Art History

The summer after I turned 17, my friend Thomasin and I went to art school in Paris for two months. I know, that sounds very fancy and glamorous.

And it totally was, especially for two sixteen-year-olds who had (at least in my case) never been to Europe before.

Why art school rather than…I don’t know…camp? Not because I was particularly interested in art – or even a very good artist. I suspect it had much more to do with the whole “two months in Paris without parental supervision” thing.

But guess what happened over the weeks that I spent there?

I ended up falling in love both with the city, and with the art it held. (And, very briefly, with an eighteen-year-old spiky-haired kid named Pid, but we won’t talk about that.)

Above is a pencil sketch I did of Rodin’s The Kiss, chosen for that day’s assignment because looking at it, I understood for the first time what people meant when they said that a piece of art brought them joy.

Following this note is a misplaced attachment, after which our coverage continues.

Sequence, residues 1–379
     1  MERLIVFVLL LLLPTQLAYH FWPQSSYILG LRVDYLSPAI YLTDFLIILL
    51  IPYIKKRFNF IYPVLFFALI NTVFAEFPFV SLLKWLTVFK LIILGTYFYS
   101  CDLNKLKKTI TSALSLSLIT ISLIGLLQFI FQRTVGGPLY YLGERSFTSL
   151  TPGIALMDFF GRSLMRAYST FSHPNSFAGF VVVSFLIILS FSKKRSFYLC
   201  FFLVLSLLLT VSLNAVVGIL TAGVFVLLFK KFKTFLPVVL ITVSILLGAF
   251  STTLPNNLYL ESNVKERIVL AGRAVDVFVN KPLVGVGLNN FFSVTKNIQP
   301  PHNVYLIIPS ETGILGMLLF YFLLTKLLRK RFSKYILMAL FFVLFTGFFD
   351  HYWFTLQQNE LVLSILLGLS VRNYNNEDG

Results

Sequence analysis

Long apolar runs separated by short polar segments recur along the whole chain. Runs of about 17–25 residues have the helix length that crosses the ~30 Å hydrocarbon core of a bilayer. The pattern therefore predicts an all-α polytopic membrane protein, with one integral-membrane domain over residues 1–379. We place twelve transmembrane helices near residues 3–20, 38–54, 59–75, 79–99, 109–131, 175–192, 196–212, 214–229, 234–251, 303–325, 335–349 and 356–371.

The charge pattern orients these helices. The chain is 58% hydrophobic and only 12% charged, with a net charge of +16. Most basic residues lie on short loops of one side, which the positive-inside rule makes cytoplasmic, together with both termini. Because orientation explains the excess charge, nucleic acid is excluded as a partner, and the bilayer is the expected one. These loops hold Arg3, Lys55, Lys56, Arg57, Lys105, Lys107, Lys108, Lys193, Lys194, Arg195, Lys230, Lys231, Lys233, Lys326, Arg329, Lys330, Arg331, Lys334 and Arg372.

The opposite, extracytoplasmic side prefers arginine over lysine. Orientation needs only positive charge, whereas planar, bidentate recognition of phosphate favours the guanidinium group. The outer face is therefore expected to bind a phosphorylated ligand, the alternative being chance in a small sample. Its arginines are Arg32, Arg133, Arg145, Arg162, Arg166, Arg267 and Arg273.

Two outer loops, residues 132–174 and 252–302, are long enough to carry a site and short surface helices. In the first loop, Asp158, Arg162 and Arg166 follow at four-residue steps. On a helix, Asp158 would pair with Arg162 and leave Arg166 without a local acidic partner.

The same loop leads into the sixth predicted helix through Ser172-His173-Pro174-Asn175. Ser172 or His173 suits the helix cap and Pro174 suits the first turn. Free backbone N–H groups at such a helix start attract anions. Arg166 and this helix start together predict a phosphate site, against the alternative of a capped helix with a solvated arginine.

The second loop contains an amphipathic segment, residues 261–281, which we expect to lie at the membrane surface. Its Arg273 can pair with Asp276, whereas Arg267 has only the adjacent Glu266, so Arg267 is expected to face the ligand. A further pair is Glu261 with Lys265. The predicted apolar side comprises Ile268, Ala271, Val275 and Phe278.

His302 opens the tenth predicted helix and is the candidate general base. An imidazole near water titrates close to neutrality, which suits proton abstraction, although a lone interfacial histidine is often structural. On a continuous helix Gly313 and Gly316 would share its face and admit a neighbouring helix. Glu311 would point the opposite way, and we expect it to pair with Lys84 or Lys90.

After the jump, a couple more of my favorite paintings from Paris, and some images from that remind me of those months.

This is a painting of a sidewalk tableau that was special to me because it was the first time I stopped trying to paint what I saw, and instead tried to paint what I felt, if that makes any sense.

And finally, this is a watercolor of Thomasin sitting in the park on our last day in Paris.

Below, a few picks from’s collection of over a million images that, for one reason or another – whether because of the colors, of the subjects, or just because of how they make me feel – remind me of my Paris Summer.

Woods and Undergrowth, by Vincent van Gogh

Lovers At Chi Tou, by Chi Wen

Woman Putting on Her Stockings, by Henri de Toulouse-Lautrec

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